Talking Point

Written by Reuters | Updated: Jan 12 2010, 03:56am hrs
Music Therapy

Individually designed music therapy may help reduce noise levels in people suffering from tinnitus, or ear ringing, German scientists said. The researchers designed musical treatments adapted to the musical tastes of patients with ear-ringing and then stripped out sound frequencies that matched the individuals tinnitus frequency. After a year of listening to these notched musical therapies, patients reported a distinct decrease in the loudness of ringing compared with those who had listened to non-tailored placebo music, the researchers said.

Tinnitus is a common hearing problem in industrialised countries and the ear-ringing can be loud enough to harm quality of life in between 1 and 3% of the general population, the researchers said. A European Union (EU) health panel recently raised the alarm about the potential hearing damage caused by young people playing their MP3 players too loud.

The EU scientific committee on emerging and newly identified health risks warned that listening to personal music devices at high volume for long periods could cause hearing loss and tinnitus, and their warning prompted the European Commission to issue new safe volume standards for MP3 players.

The German researchers said the precise cause of tinnitus is not known, but the auditory cortexthe region of the brain that processes soundis often distorted in those who have it. The researchers from the Institute for Biomagnetism and Biosignalanalysis at Westfalian Wilhelms-University said their findings on targeted listening suggested that tinnitus volume could be significantly diminished by an enjoyable, low-cost, custom tailored notched music treatment.

Water drug

One of the most daunting challenges for synthetic chemists has finally been conquered. The effort to make palau amine in the lab sparked heated competition for more than a decade between leading researchers, even though it may have little potential as a drug. The yield of the 25-step synthesis, which was led by Phil Baran at the Scripps Research Institute in La Jolla, California, was just 0.015%: fewer than 2 in every 10,000 molecules of starting material made it through to the final product. Phil and his students have set a standard against which all future work in the area will be judged. The synthesis is more than a technical achievement. The procedure demonstrates the effectiveness of a set of guiding principles for efficient organic synthesis that was articulated by Barans group several years ago and is now gaining adherents for its focus on brevity and simplicity.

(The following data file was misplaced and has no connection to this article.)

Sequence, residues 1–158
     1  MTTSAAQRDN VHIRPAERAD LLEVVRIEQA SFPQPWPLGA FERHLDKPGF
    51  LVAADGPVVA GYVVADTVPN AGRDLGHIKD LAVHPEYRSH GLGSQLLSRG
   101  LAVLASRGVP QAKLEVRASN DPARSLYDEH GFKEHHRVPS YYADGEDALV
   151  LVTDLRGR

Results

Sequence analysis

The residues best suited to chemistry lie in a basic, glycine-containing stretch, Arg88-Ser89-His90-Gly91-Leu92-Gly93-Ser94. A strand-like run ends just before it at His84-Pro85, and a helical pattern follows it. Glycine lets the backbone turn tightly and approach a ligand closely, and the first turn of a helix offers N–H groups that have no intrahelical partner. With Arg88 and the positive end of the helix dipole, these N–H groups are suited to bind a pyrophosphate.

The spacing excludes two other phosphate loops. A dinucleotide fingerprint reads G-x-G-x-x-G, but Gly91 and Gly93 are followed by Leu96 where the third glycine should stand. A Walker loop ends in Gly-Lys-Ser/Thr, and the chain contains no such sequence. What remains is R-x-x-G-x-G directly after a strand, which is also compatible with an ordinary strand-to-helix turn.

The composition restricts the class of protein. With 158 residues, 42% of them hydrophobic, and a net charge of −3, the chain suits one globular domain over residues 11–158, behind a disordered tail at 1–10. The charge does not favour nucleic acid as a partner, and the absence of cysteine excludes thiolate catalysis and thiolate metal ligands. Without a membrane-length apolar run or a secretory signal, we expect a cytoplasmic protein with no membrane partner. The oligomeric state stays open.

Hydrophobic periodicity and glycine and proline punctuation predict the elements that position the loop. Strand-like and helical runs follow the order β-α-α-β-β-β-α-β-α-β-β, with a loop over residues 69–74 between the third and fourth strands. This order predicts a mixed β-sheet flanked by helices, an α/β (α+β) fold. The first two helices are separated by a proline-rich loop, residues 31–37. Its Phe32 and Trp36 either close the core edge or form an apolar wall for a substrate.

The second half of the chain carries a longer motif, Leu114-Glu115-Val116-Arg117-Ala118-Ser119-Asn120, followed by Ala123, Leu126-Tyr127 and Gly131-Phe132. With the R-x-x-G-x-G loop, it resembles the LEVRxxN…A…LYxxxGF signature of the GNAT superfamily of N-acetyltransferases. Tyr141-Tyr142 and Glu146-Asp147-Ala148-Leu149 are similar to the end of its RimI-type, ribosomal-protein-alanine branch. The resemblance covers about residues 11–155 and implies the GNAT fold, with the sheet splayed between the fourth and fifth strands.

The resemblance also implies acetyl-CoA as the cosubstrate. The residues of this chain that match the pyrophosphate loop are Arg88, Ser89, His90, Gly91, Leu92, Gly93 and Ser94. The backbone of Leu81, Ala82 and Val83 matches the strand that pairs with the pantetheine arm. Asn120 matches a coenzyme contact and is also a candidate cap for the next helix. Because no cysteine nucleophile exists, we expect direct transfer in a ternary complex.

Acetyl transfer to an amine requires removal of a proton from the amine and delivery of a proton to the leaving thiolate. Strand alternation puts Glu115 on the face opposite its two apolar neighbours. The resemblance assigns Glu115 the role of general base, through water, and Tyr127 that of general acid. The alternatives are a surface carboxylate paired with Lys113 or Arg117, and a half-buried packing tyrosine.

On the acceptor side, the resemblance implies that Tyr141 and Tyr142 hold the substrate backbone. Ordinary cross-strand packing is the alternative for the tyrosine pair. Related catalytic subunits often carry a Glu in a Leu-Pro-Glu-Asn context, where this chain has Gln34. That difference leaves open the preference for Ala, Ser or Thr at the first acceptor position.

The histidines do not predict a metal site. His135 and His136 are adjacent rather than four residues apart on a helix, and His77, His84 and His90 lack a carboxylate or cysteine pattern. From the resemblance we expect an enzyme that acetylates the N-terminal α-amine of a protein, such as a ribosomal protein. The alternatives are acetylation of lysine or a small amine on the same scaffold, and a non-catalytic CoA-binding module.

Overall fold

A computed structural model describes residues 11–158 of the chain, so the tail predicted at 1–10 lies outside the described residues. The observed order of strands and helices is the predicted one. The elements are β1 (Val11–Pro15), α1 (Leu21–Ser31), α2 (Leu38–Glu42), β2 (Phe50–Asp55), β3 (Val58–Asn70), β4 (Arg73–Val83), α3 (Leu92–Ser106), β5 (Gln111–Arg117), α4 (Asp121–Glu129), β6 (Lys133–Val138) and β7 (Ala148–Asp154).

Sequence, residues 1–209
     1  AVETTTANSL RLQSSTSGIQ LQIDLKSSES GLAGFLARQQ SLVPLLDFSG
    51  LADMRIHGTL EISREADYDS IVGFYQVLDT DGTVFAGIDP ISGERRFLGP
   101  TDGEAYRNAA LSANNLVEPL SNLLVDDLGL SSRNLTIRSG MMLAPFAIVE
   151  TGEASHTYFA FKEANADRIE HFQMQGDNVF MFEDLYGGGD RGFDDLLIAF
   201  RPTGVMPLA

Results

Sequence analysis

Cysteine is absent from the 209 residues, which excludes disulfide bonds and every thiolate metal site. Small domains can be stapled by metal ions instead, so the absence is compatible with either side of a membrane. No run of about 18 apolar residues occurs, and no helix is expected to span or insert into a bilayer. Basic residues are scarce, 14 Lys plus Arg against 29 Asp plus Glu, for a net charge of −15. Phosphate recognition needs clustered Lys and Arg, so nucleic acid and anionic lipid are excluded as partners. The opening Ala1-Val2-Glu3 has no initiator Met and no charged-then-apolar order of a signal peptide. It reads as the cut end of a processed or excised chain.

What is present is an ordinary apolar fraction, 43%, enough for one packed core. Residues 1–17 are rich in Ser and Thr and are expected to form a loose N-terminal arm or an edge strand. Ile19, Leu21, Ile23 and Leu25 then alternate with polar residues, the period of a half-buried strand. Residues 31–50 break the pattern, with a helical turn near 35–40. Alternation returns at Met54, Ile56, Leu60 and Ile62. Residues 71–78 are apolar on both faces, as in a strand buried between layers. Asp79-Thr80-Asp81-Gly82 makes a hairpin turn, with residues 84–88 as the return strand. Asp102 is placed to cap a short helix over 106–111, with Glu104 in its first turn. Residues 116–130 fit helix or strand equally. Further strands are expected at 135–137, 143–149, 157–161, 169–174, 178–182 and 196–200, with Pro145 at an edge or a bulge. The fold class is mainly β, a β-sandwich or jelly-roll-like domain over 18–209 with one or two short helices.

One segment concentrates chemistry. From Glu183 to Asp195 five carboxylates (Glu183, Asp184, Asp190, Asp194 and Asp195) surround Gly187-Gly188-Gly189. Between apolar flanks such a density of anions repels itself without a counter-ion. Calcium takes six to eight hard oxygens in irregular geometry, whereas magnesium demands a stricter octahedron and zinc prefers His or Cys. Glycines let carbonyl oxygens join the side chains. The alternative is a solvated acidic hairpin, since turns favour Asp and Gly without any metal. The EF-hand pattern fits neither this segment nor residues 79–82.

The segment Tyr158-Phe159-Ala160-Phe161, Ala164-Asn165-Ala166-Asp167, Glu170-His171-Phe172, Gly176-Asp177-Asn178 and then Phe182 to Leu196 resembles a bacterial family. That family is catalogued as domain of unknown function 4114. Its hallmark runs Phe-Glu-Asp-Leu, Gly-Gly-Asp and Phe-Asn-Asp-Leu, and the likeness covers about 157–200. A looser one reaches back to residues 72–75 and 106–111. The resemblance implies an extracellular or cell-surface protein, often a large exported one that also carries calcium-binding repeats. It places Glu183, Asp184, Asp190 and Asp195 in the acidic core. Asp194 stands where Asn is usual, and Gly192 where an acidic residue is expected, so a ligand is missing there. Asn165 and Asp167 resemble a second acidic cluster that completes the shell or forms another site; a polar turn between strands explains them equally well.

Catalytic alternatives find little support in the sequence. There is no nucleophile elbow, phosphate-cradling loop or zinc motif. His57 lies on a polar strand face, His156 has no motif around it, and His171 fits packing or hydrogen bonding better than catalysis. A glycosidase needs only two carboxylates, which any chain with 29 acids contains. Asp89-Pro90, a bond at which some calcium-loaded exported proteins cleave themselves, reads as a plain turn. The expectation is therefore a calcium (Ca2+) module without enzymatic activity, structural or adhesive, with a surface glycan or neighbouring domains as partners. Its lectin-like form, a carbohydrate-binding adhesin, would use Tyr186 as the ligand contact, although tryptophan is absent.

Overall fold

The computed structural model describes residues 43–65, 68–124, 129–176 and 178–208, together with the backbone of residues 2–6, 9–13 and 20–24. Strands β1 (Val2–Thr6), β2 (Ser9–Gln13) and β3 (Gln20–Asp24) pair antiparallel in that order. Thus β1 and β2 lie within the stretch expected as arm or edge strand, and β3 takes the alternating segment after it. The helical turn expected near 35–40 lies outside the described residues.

Palau amine was isolated from the sponge Stylotella agminata, which is found in the waters around the Republic of Palau in the western Pacific Ocean. First reported in 1993, it is part of a family of compounds known as pyrrole-imidazole alkaloids, which may help to deter fish from snacking on the sponge or prevent microbes from taking up residence. The molecule has antitumour, antibacterial and antifungal activity.

The efforts to synthesise palau amine have forced chemists to develop new reactions and techniques for assembling complicated molecules.

Part of Barans synthesis relies on a silver-based reagent, for example, that his lab invented to gently oxidise the half-built palau amine molecule without disrupting its nitrogen atoms. That reagent is already being used by a pharmaceutical company to make a range of drug candidates.

Light Touch

Aside from taking public transportation, one of the best ways to increase fuel economy and decrease emissions is, of course, to use a light touch on the accelerator pedal. Hypermilers know this, which is why some of them go so far as to drive without shoes. The rest of us might get a little help from Continental.

The German auto parts giant is working on an active gas pedal that pushes back when pushed too hard. Its a variation on Contis Accelerator Force Feedback Pedal, which helps avoid rear-end collisions by applying back pressure or vibrating the pedal to alert the driver when a crash is imminent. Now its testing the gadget to see if it can be used to tell drivers theyre leadfoots. Conti says the technology could prove more effective than a warning light on the dash or an annoying buzzer.

The first studies show that using it as a gear-shift indicator led to a reduction in CO2 and fuel use of 5 to 10%, Peter Laier, executive vice-president of Continentals chassis components business unit said. Therefore we see 5% as realistic. Those figures jibe with what Nissan expects to see with its ECO Pedal, an option slated to appear in the next-gen Infiniti M sedan. The pedal, developed by Japanese supplier Mikuni, is wired into the cars engine management system and provides some resistance when accelerating too hard for maximum fuel efficiency.

Of course, there are timessay, when getting on the freewaywhen you want to stomp on it. Nothing about the systems designed by Mikuni or Continental will prevent you from doing that.

The driver can easily disregard the resistance or turn it off altogether. But if you heed the signal and do as prompted, it can improve fuel economy.

Source: Nature, & Wired